Coping in Hard Times—Fact Sheet Series
This series discusses challenging financial circumstances and economic hardships that can negatively affect youth, families, and communities. It offers practical ways to address the challenges during economic hardships by improving a sense of safety, calming, self- and community efficacy, connectedness, and hope.
- Coping in Hard Times: Fact Sheet for Community Organizations and Leaders (2012) (PDF)
- Coping in Hard Times: Fact Sheet for Parents (2011) (PDF)
- Coping in Hard Times: Fact Sheet for School Staff (2011) (PDF)
- Coping in Hard Times: Fact Sheet for Youth (2011) (PDF)
Psychological First Aid (PFA)
An evidence-informed modular approach for helping survivors of disasters and other emergencies. Designed to reduce the initial distress caused by disasters, and to foster short- and long-term adaptive functioning and coping skills. There are several resources on PFA including:
- Psychological First Aid Field Operations Guide (2nd Edition)
The PFA guide provides extensive detail on each of the eight PFA core actions and includes survivor handouts. Foreign language versions (Spanish, Japanese, Chinese, and Norwegian) of the guide are available as well as adaptations for community religious professionals, the Medical Reserve Corps, and schools.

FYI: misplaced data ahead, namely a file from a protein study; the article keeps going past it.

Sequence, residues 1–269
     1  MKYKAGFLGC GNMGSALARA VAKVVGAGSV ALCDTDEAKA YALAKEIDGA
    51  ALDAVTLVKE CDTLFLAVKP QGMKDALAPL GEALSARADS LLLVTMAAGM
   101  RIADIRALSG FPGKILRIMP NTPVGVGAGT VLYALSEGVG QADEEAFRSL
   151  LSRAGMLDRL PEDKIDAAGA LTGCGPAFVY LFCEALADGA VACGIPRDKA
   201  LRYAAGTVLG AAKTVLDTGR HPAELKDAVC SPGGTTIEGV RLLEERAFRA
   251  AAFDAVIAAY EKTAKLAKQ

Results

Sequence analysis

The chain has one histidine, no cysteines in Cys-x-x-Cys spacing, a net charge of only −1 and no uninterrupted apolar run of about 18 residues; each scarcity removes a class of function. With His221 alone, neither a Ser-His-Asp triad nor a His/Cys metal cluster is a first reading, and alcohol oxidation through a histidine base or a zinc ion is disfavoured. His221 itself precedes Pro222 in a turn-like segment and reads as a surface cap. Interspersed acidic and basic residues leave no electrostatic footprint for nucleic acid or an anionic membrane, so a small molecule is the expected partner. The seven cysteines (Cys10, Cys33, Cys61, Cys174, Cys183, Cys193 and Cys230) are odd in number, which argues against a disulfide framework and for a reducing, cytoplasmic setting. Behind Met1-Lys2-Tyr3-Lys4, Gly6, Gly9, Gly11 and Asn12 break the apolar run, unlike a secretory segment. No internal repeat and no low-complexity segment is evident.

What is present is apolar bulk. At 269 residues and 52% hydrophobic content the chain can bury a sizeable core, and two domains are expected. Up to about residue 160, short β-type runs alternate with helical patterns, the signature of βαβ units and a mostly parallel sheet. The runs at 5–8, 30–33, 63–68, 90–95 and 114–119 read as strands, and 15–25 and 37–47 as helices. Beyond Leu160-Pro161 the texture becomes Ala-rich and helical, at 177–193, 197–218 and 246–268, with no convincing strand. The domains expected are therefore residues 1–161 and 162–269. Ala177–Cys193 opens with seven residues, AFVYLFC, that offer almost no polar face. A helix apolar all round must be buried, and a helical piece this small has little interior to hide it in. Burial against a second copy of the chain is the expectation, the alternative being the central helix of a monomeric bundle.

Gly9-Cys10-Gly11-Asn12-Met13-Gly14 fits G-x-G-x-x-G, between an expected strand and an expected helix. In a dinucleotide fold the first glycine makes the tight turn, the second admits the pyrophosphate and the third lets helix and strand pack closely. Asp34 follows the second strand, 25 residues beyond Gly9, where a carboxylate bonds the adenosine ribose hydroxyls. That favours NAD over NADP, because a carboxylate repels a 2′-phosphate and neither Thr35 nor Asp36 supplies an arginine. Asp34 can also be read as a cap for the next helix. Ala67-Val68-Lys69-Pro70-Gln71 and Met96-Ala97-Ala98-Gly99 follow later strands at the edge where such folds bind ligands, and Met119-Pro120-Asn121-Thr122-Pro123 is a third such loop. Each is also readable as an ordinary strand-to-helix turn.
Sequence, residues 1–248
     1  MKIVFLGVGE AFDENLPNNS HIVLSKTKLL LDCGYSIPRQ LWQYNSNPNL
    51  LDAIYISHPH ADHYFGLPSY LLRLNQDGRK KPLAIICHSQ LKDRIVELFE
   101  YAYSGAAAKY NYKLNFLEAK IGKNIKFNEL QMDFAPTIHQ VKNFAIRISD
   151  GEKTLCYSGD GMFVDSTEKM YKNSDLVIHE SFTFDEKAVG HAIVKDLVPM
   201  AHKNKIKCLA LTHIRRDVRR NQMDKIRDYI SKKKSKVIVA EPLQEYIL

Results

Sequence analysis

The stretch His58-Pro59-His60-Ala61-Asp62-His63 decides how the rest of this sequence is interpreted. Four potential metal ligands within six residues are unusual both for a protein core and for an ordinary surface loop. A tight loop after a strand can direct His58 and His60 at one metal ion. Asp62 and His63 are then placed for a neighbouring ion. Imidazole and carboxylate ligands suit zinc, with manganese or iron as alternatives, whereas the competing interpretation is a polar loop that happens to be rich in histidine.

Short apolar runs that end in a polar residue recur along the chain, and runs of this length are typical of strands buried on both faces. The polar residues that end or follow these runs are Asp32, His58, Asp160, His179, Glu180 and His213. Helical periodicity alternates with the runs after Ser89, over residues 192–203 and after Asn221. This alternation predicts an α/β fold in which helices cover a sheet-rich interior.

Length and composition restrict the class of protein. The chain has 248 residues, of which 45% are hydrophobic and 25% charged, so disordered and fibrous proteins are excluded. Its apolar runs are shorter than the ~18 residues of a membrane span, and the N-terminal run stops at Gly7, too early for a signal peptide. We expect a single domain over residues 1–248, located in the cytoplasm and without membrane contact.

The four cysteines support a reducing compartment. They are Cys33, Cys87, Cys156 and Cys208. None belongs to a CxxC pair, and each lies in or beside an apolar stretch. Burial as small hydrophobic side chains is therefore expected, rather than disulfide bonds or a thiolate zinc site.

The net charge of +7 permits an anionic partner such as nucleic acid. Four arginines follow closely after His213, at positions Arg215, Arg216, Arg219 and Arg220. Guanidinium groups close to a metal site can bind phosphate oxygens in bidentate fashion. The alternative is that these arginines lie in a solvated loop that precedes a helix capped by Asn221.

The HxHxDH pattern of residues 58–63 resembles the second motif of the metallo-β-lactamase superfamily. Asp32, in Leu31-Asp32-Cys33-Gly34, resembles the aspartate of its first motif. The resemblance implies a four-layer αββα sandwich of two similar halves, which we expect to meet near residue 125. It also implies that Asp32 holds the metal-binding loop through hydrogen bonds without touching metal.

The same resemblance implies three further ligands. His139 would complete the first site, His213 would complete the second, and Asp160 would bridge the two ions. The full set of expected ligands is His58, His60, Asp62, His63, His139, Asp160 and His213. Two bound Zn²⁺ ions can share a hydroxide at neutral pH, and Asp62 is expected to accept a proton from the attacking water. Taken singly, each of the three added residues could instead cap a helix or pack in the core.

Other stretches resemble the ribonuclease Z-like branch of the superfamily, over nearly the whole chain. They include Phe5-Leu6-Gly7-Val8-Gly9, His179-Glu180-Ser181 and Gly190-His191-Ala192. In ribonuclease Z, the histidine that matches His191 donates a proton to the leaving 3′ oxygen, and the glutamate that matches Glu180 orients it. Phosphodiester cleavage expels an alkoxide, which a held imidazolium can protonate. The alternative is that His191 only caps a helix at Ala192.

- Psychological First Aid for Schools® (PFA-S)
PFA-S is an evidence-informed intervention model to assist students, families, school personnel, and school partners in the immediate aftermath of an emergency. PFA-S is designed to reduce the initial distress caused by emergencies and to foster short- and long-term adaptive functioning and coping. PFA-S assumes that students and staff members may experience a broad range of early reactions (e.g., physical, cognitive, psychological, behavioral, spiritual) following an emergency. Some of these reactions can cause distress that interferes with adaptive coping, but support from informed, compassionate, and caring professionals can help students and staff members recover from these reactions. PFA-S has the potential to mitigate the development of severe mental health problems or long-term difficulties in recovery by identifying individuals who may need additional services and linking them to such services as needed.